UN Women promoting gender-sensitive media coverage
Ethical media coverage of women’s rights and LGBTQI issues makes a very significant contribution towards defying gender stereotypes and shaping sound public opinion. However, it is often very challenging for journalists to work on these topics and to produce gender-sensitive materials. That is why the systematic and regular training of media representatives and the promotion of relevant standards and self-regulatory mechanisms remain especially topical in Georgia as well.
Based on this reality, with the support of the European Union, UN Women and the Georgian Charter of Journalistic Ethics are actively collaborating to support the ethical, gender-sensitive coverage of women’s rights and LGBTQI issues. Within the framework of this cooperation, there are plans to organize trainings for media representatives during the current year.
It should be noted that the training module is based on special guidelines that are intended for the media and that will be published in the near future. Trainers have been trained already, and they will hold up to 20 trainings based on this module in Tbilisi and the regions of Kvemo Kartli and Guria. They have already held two workshops and discussed the topics of the module.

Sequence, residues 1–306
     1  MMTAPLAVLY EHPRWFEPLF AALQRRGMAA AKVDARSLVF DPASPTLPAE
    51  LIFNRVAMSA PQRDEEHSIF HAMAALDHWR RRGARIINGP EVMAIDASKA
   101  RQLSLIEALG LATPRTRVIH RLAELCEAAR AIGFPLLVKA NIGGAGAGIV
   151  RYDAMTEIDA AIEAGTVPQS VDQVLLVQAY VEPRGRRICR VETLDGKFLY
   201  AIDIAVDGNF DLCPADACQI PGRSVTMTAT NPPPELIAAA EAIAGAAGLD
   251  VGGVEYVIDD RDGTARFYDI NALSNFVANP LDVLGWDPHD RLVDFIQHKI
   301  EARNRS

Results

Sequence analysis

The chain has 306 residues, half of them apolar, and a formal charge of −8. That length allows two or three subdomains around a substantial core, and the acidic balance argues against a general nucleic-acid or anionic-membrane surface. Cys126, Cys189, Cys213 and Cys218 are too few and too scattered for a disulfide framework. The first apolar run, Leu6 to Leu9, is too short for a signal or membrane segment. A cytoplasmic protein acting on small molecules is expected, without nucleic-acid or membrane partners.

The participants discussed such issues as the principles and importance of preparing gender-sensitive stories, examples of unethically prepared stories and the proliferation of discriminatory attitudes by the media. In addition, they also talked about local and international cases, the role of social media and other important topics.
Participant Nino Zautashvili, the author and host of the programme Real Space aired by the Public Broadcaster, shared feedback after discussing the module: “In order to ensure that the opinion and information provided by you as a professional is reliable, you have to strictly adhere to the standards adopted globally. The standard, which has been tested over time and has turned into a self-regulation code, should be observed without fear or favour. In this respect, a very important meeting was held, during which we analysed once again the role of the media while working on sensitive topics.”
The training module that the journalists will attend also envisages sharing guidance on producing gender-sensitive stories, maintaining the principles of fair and balanced coverage and supporting the best experience of working on women’s and LGBTQI issues, as well as providing recommendations and other useful materials.
The collaboration between UN Women and the Georgian Charter of Journalistic Ethics is part of the project “Ending Violence against Women and Girls in Georgia”, which is implemented by UN Women and UNFPA with the support of the European Union.